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View Full Version : Moving my home directory to another partition?



stukennedyuk
02-12-2004, 08:51 AM
When I initially did my HD install, I didn't really leave enough space on the partition where I did the install, which in my case was hda2 (with hda1 as as FAT32 and hda3 as swap). I've since stripped hda1 down to the barest minimum as I don't use it anymore (WIN98SE boot partition) and have used that space to make hda4.....

So the question is, can I move, say, my /home/user (me!) directory onto hda4? and retain the working (system) stuff on hda2.....?

I recall this was an option during the HD install and has the advantage of keeping work (user) files separate from system stuff, should a system format/re-install be needed.....

Is this a daft question? - I know I can use the space on hda4 but the system doesn't view that as my user space, e.g. when I login..... Don't have a clue how to change this!

Cheers, Stuart.....

rickenbacherus
02-12-2004, 12:57 PM
Yah you sure can move /home and Stephen wrote a howto for it. It's in the Docs section.

m_yates
02-12-2004, 05:20 PM
I used this howto when moving my home directory:

http://www-106.ibm.com/developerworks/library/l-partplan.html

RobertB
02-12-2004, 11:31 PM
I used this howto when moving my home directory:

http://www-106.ibm.com/developerworks/library/l-partplan.html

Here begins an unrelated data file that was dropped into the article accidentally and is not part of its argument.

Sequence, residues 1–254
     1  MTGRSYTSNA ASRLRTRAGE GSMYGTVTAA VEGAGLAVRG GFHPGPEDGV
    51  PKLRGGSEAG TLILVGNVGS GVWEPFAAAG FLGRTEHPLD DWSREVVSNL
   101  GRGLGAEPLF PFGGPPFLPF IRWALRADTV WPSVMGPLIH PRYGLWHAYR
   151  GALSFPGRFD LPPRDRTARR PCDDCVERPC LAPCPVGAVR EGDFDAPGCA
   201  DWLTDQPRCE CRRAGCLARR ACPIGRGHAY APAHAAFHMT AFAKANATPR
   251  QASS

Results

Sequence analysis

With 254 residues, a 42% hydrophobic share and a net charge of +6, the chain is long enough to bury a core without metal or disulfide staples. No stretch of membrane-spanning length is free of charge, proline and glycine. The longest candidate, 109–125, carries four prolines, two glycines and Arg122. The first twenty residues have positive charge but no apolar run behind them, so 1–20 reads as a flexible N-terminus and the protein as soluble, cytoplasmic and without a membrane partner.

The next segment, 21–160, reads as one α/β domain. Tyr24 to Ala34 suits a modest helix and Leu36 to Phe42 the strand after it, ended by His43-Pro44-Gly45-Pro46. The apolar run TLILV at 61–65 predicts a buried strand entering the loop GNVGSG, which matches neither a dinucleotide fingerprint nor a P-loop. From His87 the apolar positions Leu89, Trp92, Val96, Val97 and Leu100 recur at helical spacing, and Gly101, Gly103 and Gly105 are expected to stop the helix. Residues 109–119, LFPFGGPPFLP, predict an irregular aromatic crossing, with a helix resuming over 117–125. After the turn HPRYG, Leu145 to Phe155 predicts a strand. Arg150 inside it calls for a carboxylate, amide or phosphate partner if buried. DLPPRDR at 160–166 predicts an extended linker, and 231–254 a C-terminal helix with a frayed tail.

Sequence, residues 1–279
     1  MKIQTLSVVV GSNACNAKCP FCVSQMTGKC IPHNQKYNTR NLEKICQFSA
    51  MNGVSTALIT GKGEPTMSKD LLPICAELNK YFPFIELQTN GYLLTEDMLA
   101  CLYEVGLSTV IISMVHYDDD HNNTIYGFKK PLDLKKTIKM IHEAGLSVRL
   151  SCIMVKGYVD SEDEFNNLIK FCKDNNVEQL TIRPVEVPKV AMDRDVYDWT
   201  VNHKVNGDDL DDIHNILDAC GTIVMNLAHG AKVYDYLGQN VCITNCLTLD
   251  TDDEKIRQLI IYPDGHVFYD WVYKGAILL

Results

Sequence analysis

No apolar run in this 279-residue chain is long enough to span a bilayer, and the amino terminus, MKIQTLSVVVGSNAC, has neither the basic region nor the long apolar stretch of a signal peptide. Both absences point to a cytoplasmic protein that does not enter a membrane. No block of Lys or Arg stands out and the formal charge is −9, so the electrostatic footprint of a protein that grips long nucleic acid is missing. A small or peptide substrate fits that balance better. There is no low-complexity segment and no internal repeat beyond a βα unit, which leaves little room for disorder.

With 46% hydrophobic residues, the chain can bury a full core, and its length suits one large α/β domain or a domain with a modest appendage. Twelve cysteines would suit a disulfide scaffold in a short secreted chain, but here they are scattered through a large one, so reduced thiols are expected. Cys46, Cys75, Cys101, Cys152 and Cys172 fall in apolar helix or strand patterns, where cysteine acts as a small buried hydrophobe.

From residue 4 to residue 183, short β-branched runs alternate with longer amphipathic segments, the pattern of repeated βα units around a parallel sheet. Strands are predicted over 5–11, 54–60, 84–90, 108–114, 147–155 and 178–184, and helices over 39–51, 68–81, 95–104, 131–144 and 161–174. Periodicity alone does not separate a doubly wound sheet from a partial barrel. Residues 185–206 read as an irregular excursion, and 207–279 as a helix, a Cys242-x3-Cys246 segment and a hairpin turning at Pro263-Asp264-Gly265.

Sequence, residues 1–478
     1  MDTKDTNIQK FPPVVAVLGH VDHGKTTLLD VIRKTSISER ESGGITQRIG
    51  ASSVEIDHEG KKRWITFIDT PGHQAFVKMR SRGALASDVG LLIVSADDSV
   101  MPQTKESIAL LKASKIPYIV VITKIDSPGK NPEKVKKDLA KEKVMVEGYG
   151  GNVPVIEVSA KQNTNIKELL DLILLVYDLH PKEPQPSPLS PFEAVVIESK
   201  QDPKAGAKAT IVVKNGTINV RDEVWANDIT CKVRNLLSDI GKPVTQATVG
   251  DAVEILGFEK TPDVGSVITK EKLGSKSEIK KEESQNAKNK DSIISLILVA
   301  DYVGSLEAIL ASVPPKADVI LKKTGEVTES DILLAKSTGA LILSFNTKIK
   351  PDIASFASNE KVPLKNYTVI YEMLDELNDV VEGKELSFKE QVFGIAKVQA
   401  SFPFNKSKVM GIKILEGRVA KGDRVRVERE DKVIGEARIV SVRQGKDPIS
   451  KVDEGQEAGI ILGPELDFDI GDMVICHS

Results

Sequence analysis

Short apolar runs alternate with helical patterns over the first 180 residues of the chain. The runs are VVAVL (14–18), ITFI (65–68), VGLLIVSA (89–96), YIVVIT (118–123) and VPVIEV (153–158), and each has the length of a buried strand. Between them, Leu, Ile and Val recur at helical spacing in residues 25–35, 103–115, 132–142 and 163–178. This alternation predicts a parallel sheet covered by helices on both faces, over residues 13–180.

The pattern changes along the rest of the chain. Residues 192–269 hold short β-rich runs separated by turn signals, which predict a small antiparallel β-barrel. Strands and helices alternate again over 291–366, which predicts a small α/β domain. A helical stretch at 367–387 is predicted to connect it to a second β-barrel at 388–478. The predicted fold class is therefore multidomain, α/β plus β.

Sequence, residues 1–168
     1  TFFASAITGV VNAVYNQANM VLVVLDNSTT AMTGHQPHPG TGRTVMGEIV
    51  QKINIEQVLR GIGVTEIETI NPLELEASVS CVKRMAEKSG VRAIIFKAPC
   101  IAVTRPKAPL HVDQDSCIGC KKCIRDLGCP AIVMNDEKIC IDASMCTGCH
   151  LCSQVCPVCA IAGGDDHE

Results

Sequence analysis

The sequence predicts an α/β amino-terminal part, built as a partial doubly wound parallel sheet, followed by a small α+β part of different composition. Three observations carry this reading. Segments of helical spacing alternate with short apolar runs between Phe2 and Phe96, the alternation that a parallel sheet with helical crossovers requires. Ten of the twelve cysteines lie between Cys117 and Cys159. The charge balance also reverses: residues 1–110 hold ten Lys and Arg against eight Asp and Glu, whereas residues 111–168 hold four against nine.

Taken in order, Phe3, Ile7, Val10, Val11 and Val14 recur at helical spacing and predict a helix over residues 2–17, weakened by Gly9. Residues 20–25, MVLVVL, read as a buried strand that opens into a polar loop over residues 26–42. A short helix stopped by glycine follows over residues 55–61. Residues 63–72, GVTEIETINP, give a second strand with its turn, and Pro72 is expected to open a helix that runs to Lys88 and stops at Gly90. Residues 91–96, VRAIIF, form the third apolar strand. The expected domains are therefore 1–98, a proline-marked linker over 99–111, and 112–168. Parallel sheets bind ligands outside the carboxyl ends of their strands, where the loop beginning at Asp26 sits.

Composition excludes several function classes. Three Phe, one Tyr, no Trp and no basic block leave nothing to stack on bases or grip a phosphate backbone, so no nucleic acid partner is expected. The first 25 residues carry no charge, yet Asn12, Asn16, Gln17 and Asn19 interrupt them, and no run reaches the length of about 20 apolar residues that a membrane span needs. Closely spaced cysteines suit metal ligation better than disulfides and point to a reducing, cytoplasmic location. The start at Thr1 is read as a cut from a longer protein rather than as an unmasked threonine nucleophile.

That looks interesting, but I like the Knoppix-based way better. Since I'm a Linux newbie, the IBM method's mounting/unmounting and switching to single-user mode would have been a bit more than I'd have been ready for. Besides, using Knoppix to move files & directories around on an already-installed system is just what it's designed for, right? Here's the direct link, by the way: http://www.knoppix.net/docs/index.php/HomePartitionHowTo

Sure, you could use a hand-cranked auger to drill a hole, if you really want to know how a hole gets drilled... but sometimes it's better to just use an electric drill.

By the way, don't make the mistake I did. I left off the final newline in my /etc/fstab file, and now Linux complains to me about it every time I boot. I just haven't gotten around to fixing it yet.

Here's a question of my own on this subject: should I move anything other than /home? I've only got 6 gig between the two partitions (plus swap) -- would it be worth the trouble?

m_yates
02-13-2004, 11:55 AM
the Knoppix howto and ibm howto use essentially the same commands. I'm not sure if they are both hand cranked augers or both electric drills, but they are essentially the same. I suggested the ibm howto because it has a little more explanation as to why things are done and what the commands do.

rickenbacherus
02-13-2004, 01:55 PM
By the way, don't make the mistake I did. I left off the final newline in my /etc/fstab file, and now Linux complains to me about it every time I boot. I just haven't gotten around to fixing it yet.

Simply go to the end of /etc/fstab and hit return. There just needs to be an empty line at the end of fstab.


Here's a question of my own on this subject: should I move anything other than /home? I've only got 6 gig between the two partitions (plus swap) -- would it be worth the trouble?

There's no 'right' or 'wrong' way to partition really but it certainly is possible to have Linux spread across multiple partitions. Here's my layout though on a larger drive:


Filesystem Type Size Used Avail Use% Mounted on
/dev/hda1 ext3 942M 363M 532M 41% /
/dev/hda3 ext3 2.8G 209M 2.5G 8% /home
/dev/hda6 ext3 942M 19M 876M 3% /tmp
/dev/hda7 ext3 942M 329M 566M 37% /var
/dev/hda2 ext3 2.8G 2.3G 356M 87% /usr


Of course I just did mine when I installed . ;)